8. I was interrupted when I commented earlier. What a great puzzle which upped the difficulty level and made me work hard to solve to completion.
    I only had six in after the first pass. Sixteen words without checked first letters was always going to cause problems. The long anagram at 13d stumped me for too long but The Doctors food and the Old Musician were fine. Thanks to today’s setter and Thanks to Big Dave for standing in.

  9. 4*/4*. I agree with Jezza that this was tricky but very enjoyable although the SW corner was the last in for me. 12a was my favourite too, and, like Bifield, I misspelt 23a. The cluing was commendably brief.

    Many thanks to Mr Ron (perhaps Mister Ron?) and to BD.

  10. My first thoughts were that this was a difficult puzzle, and indeed I was.
    I know that ‘pineapple’ has been used before as a grenade , but no chance for a newcomer.
    Last in was 17d when I finally managed all the checking letters ,the d’oh moment for 26a just preceded it -nest was good ,but I thought the definition itself was poor.
    Going for a ****/**,thanks to BD for the pics.

  11. I was a bit worried to see BD’s assessment of ‘straightforward’. Like many others I found it difficult (but enjoyable). Fortunately, I eventually remembered the pineapple/grenade. The ‘brother’s heart’ reminded me of Ray T’s ‘sweetheart’. Half expected to see Tara Palmer-T as the illustration for 25a. Thanks to all.

  12. Very enjoyable but quite tricky, the brevity of the clues was very good (even if there were only 13 in each direction) – 2.5*/3.5*.

    Last one in was 17d which took quite a while and caused some splinters from the amount of head scratching it took.

    The list of candidates for favourite is quite long, but I think 15a comes out on top.

    Thanks to the setter and BD.

  13. It is rare to see a 4* for difficulty from our more experienced solvers, but I am happy to join that section of the blog that found this one of the hardest back-pagers for some time. There was some real head-scratching involved, and a few that took a while to parse once I had bunged them in. That said, the struggle was worth it, and I rated this 4*/4* overall. I had a toss up between 12 and 15a with the latter just shading it as my favourite.

    Thanks to the Tuesday setter for a severe workout, and to BD.

  14. We agree with Big Dave that it was fairly straightforward with relatively easy anagrams which provided suitable checkers for the rest of it.
    We have a Parisian friend who is terribly keen on Bruce Dickinson and his cohorts and every time he visits, we (or I) have to accompany
    him to a pub in the East End to see ‘The Birthplace of Iron Maiden’ and what a dreadful racket it is. However, Tom Petty and the Heartbreakers
    were on fine form in Hyde Park on Sunday supported by a never ageing Stevie Nicks. Next gigs on the horizon are Ladysmith Black Mombazo,
    Madness then the Libertines.

    **/**** Thanks to BD and presumably Mr Ron.

  15. Hola from Torrevieja, we’re getting out and about this week.
    I thought it was a tad on the hard side today so will go for 4*/3* but pommers agrees with BD on 3*/3*.
    Also can’t spell 23a so that held us up for s while and struggled in the SW corner too.
    Thanks to Mr Ron for s good workout and to BD for standing in for Mr Kitty

    1. I’d better warn you then that my boss and his extended family are holidaying in Torrevieja from today!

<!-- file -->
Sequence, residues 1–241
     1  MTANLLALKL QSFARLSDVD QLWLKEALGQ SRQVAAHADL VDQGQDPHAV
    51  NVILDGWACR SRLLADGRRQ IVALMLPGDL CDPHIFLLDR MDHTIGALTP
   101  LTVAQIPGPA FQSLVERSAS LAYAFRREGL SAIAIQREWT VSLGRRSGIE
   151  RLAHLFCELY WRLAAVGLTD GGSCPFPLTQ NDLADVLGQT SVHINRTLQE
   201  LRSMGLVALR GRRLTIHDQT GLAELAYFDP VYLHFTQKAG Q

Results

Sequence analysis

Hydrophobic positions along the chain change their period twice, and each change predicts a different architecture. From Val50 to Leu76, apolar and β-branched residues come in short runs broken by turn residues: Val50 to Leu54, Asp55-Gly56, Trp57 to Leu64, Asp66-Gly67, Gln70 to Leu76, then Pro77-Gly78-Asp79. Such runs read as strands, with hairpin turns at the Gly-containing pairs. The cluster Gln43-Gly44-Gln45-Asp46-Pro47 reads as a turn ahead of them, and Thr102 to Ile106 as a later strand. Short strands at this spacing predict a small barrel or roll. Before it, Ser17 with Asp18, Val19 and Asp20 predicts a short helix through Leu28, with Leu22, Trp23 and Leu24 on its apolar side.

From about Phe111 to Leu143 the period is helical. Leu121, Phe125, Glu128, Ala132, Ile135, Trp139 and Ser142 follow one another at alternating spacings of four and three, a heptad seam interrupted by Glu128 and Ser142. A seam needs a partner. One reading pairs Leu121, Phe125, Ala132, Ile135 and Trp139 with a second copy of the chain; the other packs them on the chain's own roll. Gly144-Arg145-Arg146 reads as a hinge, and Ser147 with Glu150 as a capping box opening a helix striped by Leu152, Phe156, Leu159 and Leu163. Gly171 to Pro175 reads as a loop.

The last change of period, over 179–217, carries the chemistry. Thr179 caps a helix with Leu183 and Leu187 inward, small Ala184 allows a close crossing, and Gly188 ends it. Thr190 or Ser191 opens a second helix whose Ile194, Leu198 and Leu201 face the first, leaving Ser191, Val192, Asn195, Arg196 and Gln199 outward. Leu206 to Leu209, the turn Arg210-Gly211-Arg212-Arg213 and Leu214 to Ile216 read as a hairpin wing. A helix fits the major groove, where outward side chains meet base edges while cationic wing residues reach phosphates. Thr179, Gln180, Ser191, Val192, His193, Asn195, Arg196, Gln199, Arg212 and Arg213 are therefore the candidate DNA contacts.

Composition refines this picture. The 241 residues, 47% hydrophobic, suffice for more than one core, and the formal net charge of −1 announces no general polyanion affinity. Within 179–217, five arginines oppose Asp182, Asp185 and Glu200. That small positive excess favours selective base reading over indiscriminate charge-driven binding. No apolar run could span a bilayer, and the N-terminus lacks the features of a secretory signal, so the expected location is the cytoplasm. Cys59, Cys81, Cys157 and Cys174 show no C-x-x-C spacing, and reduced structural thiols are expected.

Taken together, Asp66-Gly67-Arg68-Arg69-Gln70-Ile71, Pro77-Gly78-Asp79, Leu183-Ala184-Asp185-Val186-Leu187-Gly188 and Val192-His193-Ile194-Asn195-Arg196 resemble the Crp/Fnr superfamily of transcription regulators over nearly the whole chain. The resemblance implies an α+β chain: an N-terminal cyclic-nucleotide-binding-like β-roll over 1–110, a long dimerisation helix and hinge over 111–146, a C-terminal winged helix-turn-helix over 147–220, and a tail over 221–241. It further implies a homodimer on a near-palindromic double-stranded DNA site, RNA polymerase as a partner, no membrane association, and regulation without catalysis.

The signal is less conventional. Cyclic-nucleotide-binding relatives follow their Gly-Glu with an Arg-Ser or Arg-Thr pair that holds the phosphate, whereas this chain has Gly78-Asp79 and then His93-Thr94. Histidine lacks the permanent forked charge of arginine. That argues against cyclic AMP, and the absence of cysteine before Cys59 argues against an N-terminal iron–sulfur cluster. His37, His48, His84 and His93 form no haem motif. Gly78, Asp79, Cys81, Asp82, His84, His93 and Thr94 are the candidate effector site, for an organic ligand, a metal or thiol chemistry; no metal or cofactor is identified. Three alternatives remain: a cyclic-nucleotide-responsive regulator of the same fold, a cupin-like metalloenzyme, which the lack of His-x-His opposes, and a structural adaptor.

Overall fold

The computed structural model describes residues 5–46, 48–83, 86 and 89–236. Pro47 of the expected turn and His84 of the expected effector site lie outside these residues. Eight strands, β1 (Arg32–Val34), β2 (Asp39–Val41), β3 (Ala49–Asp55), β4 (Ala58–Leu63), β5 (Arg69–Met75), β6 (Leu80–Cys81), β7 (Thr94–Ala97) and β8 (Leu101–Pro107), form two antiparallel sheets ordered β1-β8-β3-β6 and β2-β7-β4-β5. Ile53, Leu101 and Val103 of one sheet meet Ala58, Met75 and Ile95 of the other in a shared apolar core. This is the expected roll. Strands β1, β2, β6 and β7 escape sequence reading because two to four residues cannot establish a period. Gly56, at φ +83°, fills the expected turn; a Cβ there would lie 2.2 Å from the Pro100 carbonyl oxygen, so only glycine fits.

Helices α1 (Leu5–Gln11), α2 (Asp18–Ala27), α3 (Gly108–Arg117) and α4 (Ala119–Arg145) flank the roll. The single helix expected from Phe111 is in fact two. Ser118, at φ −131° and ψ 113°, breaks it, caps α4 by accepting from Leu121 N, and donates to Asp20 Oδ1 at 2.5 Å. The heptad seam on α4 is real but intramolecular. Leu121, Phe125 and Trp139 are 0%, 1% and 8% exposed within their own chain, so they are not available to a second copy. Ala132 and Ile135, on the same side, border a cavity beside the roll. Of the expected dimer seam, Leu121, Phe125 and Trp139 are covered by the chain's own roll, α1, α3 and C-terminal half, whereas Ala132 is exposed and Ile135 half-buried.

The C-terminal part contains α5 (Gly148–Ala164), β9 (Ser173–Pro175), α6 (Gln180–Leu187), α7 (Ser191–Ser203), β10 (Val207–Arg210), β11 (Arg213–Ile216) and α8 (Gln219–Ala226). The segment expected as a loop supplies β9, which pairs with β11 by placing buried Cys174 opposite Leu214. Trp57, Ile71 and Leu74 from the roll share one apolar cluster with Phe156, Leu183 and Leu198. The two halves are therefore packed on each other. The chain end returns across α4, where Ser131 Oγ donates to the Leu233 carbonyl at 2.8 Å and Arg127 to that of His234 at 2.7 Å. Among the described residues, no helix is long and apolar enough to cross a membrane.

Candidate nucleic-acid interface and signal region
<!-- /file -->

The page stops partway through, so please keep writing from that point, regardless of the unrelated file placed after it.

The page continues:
16. This was far more challenging than the normal Tuesday back-pager!

    Also, far more enjoyable!

    Really struggled with my last three in – 10a, 4d & 16d – so they are my triumvirate for the podium today!

    Definitely a ****/**** for me. Hopefully, this setter will return in the near distant future.

  17. More odd than classically difficult for me.
    Started off badly by wanting to write Assyria for 1a, but knew it couldn’t be right unless there was some obscure crosswordland reasoning.
    There were some peculiar, slightly vague clues – 16d, 8a, 15a which I wouldn’t have worked out without the checkers.

    Quite liked 10a, 12a, 26a & 1d. Many thanks to Mr Ron, and to BD as ever.

  18. We guess the fact that BD found this straightforward explains why it’s his crossword blog and not ours. Perhaps more in the order of 3*/4* – lower end of difficult, but really good fun.

    We selected 5d, 15a and 9d as clues to savour. Top of our shop today was 14a, when we realised that in the normal “Richard of York…” mnemonic indigo actually IS the sixth colour! Sooo clever.

    Thanks to the mystery setter and to BD.

    1. That exposed the fact that my wife and I have different mnemonics for the spectrum. My wife is a traditional Yorker, but I favour VIBGYOR, which by coincidence puts the answer in 6th place. Win win !
      Yes, a fun puzzle and thanks to BD and the setter.

  19. Did the DT mix up the envelopes again. This was an absolute pig!
    Most clues were totally incomprehensible and certainly it was no fun at all as far as I was concerned. Gave up long before the end.
    For me *****/* or even -1 for enjoyment.

  20. Thanks to the setter and to Big Dave for review and hints. A very enjoyable puzzle but so difficult. Needed the hints to parse 7&10a, and for 8,25,26a and 6,17,21d. I had heard of 15a, but the rest of the puzzle seemed like a Toughie. Favourite was 4d. Was 5*/3* for me.

    1. Pineapple is a slang word used in the forces for the answer. Sign of a lazy setter using colloquialisms IMHO.

      1. I agree entirely with you, Brian. After a wet mornng’s golf in the Peaks, this was a second hard, frustrating slog I could have done without. Sorry to be a killjoy but I wouldn’t want one like this very often! The variations in difficulty assessments by so many contributors say it all.